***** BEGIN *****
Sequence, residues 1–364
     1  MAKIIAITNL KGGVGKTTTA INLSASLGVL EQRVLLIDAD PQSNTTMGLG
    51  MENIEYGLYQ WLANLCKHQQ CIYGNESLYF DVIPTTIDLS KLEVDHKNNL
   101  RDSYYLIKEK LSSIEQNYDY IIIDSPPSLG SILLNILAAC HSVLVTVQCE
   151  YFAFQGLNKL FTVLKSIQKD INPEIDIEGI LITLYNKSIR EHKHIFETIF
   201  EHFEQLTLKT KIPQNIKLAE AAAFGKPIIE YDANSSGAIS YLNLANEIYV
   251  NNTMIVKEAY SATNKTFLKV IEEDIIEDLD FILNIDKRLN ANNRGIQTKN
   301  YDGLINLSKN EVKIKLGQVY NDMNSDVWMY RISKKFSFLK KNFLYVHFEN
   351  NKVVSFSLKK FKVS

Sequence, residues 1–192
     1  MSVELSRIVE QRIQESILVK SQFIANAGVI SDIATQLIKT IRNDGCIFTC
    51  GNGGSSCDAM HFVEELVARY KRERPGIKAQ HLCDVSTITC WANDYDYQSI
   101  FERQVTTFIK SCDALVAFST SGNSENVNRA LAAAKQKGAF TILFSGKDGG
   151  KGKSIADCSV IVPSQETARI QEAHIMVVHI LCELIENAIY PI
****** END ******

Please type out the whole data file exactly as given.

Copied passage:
Sequence, residues 1–364
     1  MAKIIAITNL KGGVGKTTTA INLSASLGVL EQRVLLIDAD PQSNTTMGLG
    51  MENIEYGLYQ WLANLCKHQQ CIYGNESLYF DVIPTTIDLS KLEVDHKNNL
   101  RDSYYLIKEK LSSIEQNYDY IIIDSPPSLG SILLNILAAC HSVLVTVQCE
   151  YFAFQGLNKL FTVLKSIQKD INPEIDIEGI LITLYNKSIR EHKHIFETIF
   201  EHFEQLTLKT KIPQNIKLAE AAAFGKPIIE YDANSSGAIS YLNLANEIYV
   251  NNTMIVKEAY SATNKTFLKV IEEDIIEDLD FILNIDKRLN ANNRGIQTKN
   301  YDGLINLSKN EVKIKLGQVY NDMNSDVWMY RISKKFSFLK KNFLYVHFEN
   351  NKVVSFSLKK FKVS

Sequence, residues 1–192
     1  MSVELSRIVE QRIQESILVK SQFIANAGVI SDIATQLIKT IRNDGCIFTC
    51  GNGGSSCDAM HFVEELVARY KRERPGIKAQ HLCDVSTITC WANDYDYQSI
   101  FERQVTTFIK SCDALVAFST SGNSENVNRA LAAAKQKGAF TILFSGKDGG
   151  KGKSIADCSV IVPSQETARI QEAHIMVVHI LCELIENAIY PI